So, I quit my job…
It’s probably the most terrifying yet liberating thing I have ever done…
I’ll explain to you why, but first I’ll tell you a little bit about my childhood.
When I was 3 years old, my parents decided to immigrate to the United States. Having been born in Brazil, they saw the opportunity for a better life and decided to take the leap of faith. My Dad was the first to pack and leave, and just under a year later on October 14, 1990, my mom and I joined him. Some may have called it crazy, a 22- and 24-year-old moving to another country with a 3-year-old. My parents are by far the most courageous and hardworking people I know, having worked multiple jobs to ensure I always had everything I needed growing up. From a very young age, my parents always instilled in me the importance of a good education and work ethic. In high school, I took part in the International Baccalaureate magnet program. I studied hard not knowing what the future would bring. Naïve, for lack of better terms, but GOD IS GOOD, and in my junior year of high school, I became a legal resident. And by my senior year, all the hard work paid off when I received my acceptance along with a full ride to the University of Florida.
In the years that had passed, my parents had separated and remarried, giving me a younger sister and brother. So I knew what my goal needed to be the day I walked across the stage of my college graduation. I wasn’t a little girl anymore, my parents had their hands full taking care of my siblings. I needed to be ready for the real world and become financially independent. My parents had given me the American dream. It was now up to me to do my part. A graduate school acceptance or job offer would be in my hand the day I crossed that stage. And so, in December of 2010, I graduated with my bachelor’s degree in one hand and an accepted job offer in the other.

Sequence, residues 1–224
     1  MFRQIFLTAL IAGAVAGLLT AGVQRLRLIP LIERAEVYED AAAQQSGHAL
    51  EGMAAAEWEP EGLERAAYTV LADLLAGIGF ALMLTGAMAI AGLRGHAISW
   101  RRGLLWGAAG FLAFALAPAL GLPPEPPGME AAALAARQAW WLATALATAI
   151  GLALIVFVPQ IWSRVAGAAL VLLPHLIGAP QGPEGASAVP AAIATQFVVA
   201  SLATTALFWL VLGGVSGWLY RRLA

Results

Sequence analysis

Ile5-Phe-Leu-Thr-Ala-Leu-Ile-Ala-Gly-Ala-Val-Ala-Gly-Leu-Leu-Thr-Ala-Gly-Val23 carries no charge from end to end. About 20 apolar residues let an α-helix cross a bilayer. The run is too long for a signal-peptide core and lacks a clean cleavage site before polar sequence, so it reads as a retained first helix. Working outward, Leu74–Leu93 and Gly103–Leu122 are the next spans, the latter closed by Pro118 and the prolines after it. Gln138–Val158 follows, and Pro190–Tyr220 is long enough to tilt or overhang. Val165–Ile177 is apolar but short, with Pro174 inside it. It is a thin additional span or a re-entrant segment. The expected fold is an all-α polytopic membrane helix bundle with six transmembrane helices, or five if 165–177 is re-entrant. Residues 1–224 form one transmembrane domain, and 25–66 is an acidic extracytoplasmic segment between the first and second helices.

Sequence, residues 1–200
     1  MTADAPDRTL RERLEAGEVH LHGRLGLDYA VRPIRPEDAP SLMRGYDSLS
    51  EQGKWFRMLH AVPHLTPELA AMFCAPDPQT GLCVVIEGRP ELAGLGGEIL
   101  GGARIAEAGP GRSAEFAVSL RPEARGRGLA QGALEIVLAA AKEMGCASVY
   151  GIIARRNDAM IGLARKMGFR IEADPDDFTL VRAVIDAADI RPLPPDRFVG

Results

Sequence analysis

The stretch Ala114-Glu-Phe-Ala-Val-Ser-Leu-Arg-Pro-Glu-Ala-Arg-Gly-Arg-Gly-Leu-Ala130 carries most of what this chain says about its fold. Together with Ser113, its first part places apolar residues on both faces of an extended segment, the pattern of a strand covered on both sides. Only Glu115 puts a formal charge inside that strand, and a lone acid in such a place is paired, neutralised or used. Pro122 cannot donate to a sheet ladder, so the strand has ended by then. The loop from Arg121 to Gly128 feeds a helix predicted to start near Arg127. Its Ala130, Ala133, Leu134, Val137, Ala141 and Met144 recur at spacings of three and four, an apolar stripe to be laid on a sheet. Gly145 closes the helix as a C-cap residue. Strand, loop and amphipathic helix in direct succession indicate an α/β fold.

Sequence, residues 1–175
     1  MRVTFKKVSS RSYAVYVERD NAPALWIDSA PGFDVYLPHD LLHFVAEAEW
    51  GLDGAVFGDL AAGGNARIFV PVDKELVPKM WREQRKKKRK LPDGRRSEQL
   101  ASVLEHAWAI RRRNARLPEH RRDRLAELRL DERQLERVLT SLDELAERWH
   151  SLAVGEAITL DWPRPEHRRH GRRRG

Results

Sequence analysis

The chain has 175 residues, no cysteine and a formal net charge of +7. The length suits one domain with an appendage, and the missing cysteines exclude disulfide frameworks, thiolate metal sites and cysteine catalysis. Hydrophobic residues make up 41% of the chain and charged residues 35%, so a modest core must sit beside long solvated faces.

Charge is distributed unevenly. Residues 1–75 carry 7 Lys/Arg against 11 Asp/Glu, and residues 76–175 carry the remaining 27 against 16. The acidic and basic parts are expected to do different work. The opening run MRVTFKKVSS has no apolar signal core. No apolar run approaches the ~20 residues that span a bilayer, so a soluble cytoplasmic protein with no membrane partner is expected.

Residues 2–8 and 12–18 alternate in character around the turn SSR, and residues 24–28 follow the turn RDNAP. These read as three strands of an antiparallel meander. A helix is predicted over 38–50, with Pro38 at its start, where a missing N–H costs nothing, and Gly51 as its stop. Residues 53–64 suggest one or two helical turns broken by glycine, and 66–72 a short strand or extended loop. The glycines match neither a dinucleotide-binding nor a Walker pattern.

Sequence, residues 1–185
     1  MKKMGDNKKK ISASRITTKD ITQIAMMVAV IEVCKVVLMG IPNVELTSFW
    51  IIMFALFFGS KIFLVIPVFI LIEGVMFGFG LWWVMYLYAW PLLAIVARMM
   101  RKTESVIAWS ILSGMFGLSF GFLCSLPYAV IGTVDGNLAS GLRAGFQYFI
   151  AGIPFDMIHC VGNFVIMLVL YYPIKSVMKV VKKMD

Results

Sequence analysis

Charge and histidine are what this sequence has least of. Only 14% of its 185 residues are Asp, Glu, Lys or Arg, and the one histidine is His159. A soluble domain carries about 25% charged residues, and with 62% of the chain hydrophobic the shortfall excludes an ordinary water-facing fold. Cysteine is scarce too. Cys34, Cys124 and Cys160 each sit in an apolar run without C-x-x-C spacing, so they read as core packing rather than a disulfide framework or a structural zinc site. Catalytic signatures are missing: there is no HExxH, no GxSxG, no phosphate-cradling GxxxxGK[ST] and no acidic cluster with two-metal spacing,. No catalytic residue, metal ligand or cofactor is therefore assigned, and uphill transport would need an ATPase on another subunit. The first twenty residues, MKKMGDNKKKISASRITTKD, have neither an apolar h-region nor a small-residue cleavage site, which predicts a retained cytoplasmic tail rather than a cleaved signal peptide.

Fast forward six years later, and the thought of quitting my job was as terrifying as you could imagine. It’s not like I wasn’t going to have another job at all. I had another offer. It’s just that I worked for the same company for six years and took a LOA for my thyroidectomy, radiation and right neck discretion, and had always returned to an extremely supportive team. Even more, quitting my job meant going at least a month without health insurance until my new insurance kicked in. What if something happened and I needed to see a doctor? I wasn’t exactly “low-risk.” Did this mean I was stuck, never able to leave, and forced to work at a job where I was no longer engaged because of my health?
(Let me expand on this for a moment for those of you who are not familiar with this conundrum. Employee-provided health insurance is amazing, and I would be hesitant to work somewhere without it. On average Synthroid runs about $35 for a 30-day supply, the generic Levothyroxine for $15. We are talking 50 cents to a dollar a day for the rest of your life — with insurance. Currently, the ACA makes it illegal to deny coverage or charge a premium for having a predisposition, in this case a history of cancer. Yet, insurance premiums exist based on your history of prescription drugs, such as Synthroid.)